From that point on in her life, Harriet became very attached to her eldest sister, Catherine. Although Reverend Lyman remarried, Harriet never created much of a bond with his second wife. Harriet, after attending Litchfield Academy, was sent to Hartford Female Seminary, which was founded by her sister, Catherine. Catherine, who became respected for her teaching methods, was like a mother to Harriet and became one of her greatest influencers and mentors throughout her life and writing career. Two other very prominent relatives in Harriet’s life were her Uncle Samuel and Aunt Harriet Foote. Not only did her aunt and uncle influence her culturally, they also encouraged her to write as they had witnessed hr gift for writing early on. In 1832, Harriet’s father was invited to Cincinnati, Ohio, where he was to become the president of Lane Theological seminary. Harriet, along with her sister Catherine, made the move to Cincinnati with him. Harriet was influenced to make this move with her father by her sister, Catherine and their Uncle Samuel and Aunt Harriet Foote.
They knew that if she followed her father and sister, she would continue to be inspired to pursue her writing talent. Shortly after their move, Catherine and Harriet established a school together, The Western Female Institute, in which Harriet became one of the teachers. The move for Harriet was an eye-opening experience, where she witnessed for the first time, the brutality of slavery and cruelty of slave auctions. Harriet’s first account of this cruelty was when she observed a black family being separated and sold-off one by one. This outraged, saddened, and frustrated her, but she had not decided to write about it at that time. In 1834, Stowe began her literary career. She entered a prize contest writing a children’s geography book with her sister Catherine. Soon after she began contributing to the magazine, The Western Monthly, which featured many of her stories and essays. Her first book, The Mayflower, a short fictional story written in 1843, was also known as, Sketches of Scenes and Characters of the Descendants of the Pilgrims.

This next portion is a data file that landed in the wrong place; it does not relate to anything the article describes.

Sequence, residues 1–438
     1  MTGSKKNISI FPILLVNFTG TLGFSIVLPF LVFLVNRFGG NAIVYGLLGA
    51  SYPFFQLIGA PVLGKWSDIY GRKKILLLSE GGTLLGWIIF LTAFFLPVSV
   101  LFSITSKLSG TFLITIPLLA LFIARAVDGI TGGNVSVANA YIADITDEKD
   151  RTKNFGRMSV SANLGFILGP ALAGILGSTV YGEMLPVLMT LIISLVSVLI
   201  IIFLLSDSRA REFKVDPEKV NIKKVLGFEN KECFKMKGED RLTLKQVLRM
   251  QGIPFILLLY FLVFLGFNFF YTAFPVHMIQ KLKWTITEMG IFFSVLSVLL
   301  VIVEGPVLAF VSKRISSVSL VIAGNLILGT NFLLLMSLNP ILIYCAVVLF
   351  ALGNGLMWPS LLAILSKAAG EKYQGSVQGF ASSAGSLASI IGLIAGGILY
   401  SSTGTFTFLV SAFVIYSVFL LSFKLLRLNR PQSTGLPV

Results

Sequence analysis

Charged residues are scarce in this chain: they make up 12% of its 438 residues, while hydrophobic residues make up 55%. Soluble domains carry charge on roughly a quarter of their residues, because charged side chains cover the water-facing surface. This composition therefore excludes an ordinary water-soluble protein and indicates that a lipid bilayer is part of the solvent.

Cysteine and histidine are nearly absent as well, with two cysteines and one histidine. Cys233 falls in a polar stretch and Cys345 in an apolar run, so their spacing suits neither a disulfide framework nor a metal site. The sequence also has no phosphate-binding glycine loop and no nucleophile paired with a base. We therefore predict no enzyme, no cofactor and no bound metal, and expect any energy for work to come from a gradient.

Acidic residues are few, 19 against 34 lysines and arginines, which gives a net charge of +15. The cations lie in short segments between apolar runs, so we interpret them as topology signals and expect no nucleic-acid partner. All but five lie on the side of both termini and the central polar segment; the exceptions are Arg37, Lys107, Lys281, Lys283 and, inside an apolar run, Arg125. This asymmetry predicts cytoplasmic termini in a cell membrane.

Her most famous novel, Uncle Tom’s Cabin, written in 1852, was inspired by a vision Harriet had at church one day. When the Fugitive Slave Act of 1850 passed, Harriet was furious and extremely disturbed, and wrote to one of her sisters expressing her frustration. Her sister wrote back saying, Hattie, if I could use a pen as you can, I would write something that would make this whole nation feel what an accursed thing slavery is. Harriet did just that, thus the birth of Uncle Tom’s Cabin. And behold the tears of such as are oppressed; and on the side of their oppressors there was power. Whereof I, praised, the dead that are already dead more than the living that are yet alive. The response to Uncle Tom’s Cabin was mixed, regionally, and consequently Harriet felt the need to further educate and inform people. As a result, she wrote a follow-up novel in defense of Uncle Tom’s Cabin, to critics who argued it was inauthentic.
This novel written in 1853 was titled A Key to Uncle Tom’s Cabin. From 1856 – 1878, Harriet published numerous novels, studies of social life essays, and small volume religious poems. She also wrote several shorter works, some of which were published in the Atlantic Monthly and Christian Union. Most of those writings were focused on the New England community way of life. Several of her older novels, such as Old Town Folks (1869) and Poganuc People (1878), was partly based on her husband’s childhood reminisces. Eliza made her desperate retrest across the river just in the dusk of twilight. The gray mist of the evening, rising slowly from the river, enveloped her as she disappeared up the bank, and the swollen current and floundering masses of ice presented a hopeless barrier between her and her pursuer. Southerner’s on the other hand, did not react positively to Uncle Tom’s Cabin.